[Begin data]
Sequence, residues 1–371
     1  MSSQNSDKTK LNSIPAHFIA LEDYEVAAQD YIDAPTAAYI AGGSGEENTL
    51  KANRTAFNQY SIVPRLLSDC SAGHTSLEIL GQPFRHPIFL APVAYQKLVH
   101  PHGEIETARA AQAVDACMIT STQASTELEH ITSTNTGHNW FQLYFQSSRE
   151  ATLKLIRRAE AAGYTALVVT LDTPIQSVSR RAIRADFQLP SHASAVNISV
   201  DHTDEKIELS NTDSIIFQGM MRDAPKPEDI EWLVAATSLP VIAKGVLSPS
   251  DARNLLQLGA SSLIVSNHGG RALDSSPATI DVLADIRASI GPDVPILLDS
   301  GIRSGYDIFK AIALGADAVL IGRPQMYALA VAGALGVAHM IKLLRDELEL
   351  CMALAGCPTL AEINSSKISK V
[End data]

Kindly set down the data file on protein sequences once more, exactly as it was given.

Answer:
Sequence, residues 1–371
     1  MSSQNSDKTK LNSIPAHFIA LEDYEVAAQD YIDAPTAAYI AGGSGEENTL
    51  KANRTAFNQY SIVPRLLSDC SAGHTSLEIL GQPFRHPIFL APVAYQKLVH
   101  PHGEIETARA AQAVDACMIT STQASTELEH ITSTNTGHNW FQLYFQSSRE
   151  ATLKLIRRAE AAGYTALVVT LDTPIQSVSR RAIRADFQLP SHASAVNISV
   201  DHTDEKIELS NTDSIIFQGM MRDAPKPEDI EWLVAATSLP VIAKGVLSPS
   251  DARNLLQLGA SSLIVSNHGG RALDSSPATI DVLADIRASI GPDVPILLDS
   301  GIRSGYDIFK AIALGADAVL IGRPQMYALA VAGALGVAHM IKLLRDELEL
   351  CMALAGCPTL AEINSSKISK V